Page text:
Outlook and Area Encouraged to 'Go Out and Play'

Online contest tallies physical activity minutes in communities

Something as simple as a group of kids playing some street hockey, families enjoying some ice skating, or even playing a game of Tag could go a long way in helping the Town of Outlook win up to $10,000.

The town is entered in the ‘Go Out and Play’ Challenge, a joint venture by the Saskatchewan Blue Cross and Sask In Motion that encourages participating communities to get out and be active by tallying physical activity minutes and awarding the highest numbers with cash prizes.

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The ten-day challenge kicks off tomorrow, running from March 1-10.

Should Outlook end up as the winning location, the prize money will help fund the completion of the playground located on the grounds of the Jim Kook Rec Plex.

But the competition out there is pretty stiff, with 44 other communities vying for the top prize for their respective projects and initiatives.  In nearby Davidson, they hope to win in order to fund solar lighting along their community walking trail, while in Delisle, they want to put big money towards developing a spray park.

If Outlook is to win $10K, participants ranging from groups and families to businesses and individuals may have to think big.

But the task ahead, which may seem daunting, certainly isn’t impossible.  The nearby village of Kenaston was last year’s top community in the challenge, winning the $10,000 grand prize by logging more than 419,650 minutes of physical activity in the allotted ten days.  To help encourage physical activity among its residents and rack up those minutes, Kenaston’s rec board did things such as offering free fitness classes, holding skating parties, and even school and community-wide walks around town.

The challenge, which is online-based, works as follows:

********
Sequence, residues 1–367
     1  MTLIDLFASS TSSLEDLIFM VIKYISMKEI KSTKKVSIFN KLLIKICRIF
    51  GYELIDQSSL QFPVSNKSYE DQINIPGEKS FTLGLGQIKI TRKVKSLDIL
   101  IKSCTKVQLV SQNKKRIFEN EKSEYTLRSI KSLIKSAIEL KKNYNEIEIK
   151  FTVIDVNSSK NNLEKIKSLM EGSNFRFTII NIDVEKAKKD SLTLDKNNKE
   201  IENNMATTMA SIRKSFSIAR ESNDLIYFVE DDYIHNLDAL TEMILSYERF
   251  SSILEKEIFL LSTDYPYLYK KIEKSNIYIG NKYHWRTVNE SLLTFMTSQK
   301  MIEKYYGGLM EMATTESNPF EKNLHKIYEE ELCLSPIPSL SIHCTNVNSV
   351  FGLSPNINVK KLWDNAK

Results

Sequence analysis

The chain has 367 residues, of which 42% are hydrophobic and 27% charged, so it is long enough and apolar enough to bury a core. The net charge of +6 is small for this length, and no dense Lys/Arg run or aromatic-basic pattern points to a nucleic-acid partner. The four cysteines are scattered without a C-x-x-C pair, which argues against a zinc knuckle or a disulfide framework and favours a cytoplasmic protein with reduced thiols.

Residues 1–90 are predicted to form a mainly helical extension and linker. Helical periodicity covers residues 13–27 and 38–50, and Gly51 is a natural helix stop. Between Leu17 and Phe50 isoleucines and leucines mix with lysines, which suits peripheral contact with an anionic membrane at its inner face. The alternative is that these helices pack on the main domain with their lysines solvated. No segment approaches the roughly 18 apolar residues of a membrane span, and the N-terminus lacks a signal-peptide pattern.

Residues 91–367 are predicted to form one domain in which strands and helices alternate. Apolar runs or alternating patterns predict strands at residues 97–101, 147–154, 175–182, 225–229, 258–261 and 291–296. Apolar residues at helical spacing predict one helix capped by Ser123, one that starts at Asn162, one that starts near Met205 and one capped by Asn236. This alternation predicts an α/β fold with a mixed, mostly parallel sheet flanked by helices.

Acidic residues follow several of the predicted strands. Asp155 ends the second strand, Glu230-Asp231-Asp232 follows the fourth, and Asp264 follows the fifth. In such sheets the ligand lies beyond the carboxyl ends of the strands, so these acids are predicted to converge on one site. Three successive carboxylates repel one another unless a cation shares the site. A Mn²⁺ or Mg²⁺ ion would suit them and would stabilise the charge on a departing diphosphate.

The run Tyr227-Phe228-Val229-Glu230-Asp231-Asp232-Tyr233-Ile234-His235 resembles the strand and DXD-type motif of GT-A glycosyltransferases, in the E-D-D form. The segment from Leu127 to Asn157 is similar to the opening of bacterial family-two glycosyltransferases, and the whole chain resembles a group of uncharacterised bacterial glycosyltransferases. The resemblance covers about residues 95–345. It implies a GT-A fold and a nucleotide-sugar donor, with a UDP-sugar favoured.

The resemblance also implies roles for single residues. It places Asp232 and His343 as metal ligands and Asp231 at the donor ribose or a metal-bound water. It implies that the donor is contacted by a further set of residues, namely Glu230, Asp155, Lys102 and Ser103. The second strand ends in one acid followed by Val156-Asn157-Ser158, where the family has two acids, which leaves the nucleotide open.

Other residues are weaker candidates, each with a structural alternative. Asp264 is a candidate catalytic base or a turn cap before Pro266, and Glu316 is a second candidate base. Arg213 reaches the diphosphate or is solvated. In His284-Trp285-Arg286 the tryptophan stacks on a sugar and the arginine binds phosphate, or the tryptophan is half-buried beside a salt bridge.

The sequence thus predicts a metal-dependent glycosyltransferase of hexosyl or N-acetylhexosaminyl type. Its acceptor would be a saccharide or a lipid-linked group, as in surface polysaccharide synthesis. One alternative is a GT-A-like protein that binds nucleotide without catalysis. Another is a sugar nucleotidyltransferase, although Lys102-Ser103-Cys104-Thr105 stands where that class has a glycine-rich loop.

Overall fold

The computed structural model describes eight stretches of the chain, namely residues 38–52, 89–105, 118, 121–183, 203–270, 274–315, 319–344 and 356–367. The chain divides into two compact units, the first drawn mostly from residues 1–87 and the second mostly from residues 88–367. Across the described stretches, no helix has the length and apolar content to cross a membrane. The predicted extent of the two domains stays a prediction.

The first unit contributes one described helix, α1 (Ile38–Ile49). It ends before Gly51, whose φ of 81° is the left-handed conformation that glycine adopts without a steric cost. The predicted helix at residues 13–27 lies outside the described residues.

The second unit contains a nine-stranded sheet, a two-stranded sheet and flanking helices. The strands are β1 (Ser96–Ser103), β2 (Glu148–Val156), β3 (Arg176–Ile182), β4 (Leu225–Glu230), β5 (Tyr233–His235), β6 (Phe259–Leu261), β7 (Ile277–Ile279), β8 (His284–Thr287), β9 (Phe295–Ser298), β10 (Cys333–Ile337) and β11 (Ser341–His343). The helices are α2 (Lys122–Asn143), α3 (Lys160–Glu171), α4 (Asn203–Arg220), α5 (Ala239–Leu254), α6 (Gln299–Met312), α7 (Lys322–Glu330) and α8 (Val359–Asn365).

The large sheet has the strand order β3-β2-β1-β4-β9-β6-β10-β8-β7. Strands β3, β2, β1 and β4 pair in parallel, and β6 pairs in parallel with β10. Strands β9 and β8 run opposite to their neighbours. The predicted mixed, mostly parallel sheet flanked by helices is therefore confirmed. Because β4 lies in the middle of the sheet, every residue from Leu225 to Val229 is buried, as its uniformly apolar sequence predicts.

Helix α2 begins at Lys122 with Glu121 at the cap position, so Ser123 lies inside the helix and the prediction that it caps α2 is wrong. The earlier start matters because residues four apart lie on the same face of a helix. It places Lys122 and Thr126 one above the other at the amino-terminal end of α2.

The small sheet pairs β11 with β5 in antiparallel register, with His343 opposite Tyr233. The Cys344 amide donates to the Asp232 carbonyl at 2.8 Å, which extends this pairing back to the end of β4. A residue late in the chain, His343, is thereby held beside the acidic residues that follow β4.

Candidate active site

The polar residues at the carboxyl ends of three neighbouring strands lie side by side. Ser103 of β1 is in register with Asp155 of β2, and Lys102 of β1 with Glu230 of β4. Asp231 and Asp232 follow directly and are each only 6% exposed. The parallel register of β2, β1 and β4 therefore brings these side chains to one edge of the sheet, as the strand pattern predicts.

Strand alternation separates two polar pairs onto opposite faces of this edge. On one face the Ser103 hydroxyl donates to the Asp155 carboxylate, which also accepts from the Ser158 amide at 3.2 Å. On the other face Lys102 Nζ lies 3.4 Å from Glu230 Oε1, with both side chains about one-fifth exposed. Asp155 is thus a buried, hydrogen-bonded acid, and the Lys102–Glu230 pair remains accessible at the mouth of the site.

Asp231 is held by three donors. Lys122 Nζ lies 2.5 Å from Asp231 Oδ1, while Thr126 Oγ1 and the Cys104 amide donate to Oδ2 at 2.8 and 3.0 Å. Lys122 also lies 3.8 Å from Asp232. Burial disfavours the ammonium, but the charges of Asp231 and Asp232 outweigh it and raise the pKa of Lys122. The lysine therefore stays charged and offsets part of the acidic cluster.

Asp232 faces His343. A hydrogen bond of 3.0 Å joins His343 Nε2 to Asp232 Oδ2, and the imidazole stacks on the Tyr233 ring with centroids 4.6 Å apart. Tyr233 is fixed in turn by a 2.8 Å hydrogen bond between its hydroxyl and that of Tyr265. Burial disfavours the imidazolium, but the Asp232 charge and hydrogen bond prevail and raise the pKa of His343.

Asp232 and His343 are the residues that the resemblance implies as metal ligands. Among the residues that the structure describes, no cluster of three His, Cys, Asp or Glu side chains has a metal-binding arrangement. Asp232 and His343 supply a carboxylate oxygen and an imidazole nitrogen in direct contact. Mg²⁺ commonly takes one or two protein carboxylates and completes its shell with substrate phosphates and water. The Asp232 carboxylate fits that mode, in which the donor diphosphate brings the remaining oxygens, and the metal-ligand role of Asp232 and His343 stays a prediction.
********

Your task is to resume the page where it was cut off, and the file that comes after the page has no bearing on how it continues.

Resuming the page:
• You log on to the Go Out and Play website and register by creating a profile.
  • You can create a profile either as an individual or as a family.
  • You’ll be asked which community you want to support with your physical activity minutes.  (in this case, Outlook)
  • Once you click ‘Register’, you’ll receive an email and you’ll be asked to verify your account.
  • Once you’ve verified your account, you can sign in and begin logging your physical activity minutes when the challenge begins on March 1.
  • Your account page will show a Record Activity section, where you’ll log your minutes and detail how you were active and where it took place; and Activity Summary, which details your overall contributions.

Kids under 13 years of age cannot create individual profiles, but they can be part of a family profile created by a parent/guardian.  As well, school-based physical activity programs are not eligible for the Go Out and Play Challenge; for instance, gym class.  However, teachers and students are still encouraged to find other ways to be active at school, of which those minutes would count on one’s profile.

A few key items and rules to know about the challenge:

  • Up to 120 minutes per day per individual can be logged.
  • If you miss logging your activity minutes one day, they can’t be logged the next, so remembering to log your daily activity is crucial.
  • Participants do not need to be residents of Saskatchewan or the community where they are allocating their minutes.
  • Each individual and family can create only one profile, which includes unique personal information.  Sask In Motion will be monitoring all profiles to ensure that individuals do not create duplicate profiles.
  • Family profiles may include grandparents.
  • Schools cannot allocate the minutes of physical activity done by their students.

If the rules and boiler-plate material is a bit of a turn-off, essentially the possibilities surrounding the Go Out and Play Challenge break down as follows:

Say a family of five takes two hours out of an afternoon to build some snowmen.  They can sign in to their profile and log 120 minutes per family member, or 600 total minutes.

Or say a group of 15 people go out and walk around town for a couple of hours.  That’s 120 minutes multiplied by 15 people with registered profiles, a total of 1800 minutes.

Or perhaps four groups split the ice at the rink and play some hockey for a couple of hours.  That would certainly make for a large chunk of physical activity minutes.

The possibilities seem to be endless, all in the name of getting people out and active, and possibly even helping Outlook win some money for a worthwhile community cause.

After the ten-day challenge from March 1-10, the winner of the Go Out and Play Challenge will be revealed on March 15.  A runner-up community will receive a second-place prize of $5,000.

If you’re interested in doing your part to help Outlook rack up the minutes and win some cash, you’re encouraged to create your personal and family profiles now to start logging your physical activity minutes.

Register your profiles and take part in the challenge by going to the following web address: challenge.saskatchewaninmotion.ca/register

Get out and get active, Outlook!

© The Outlook

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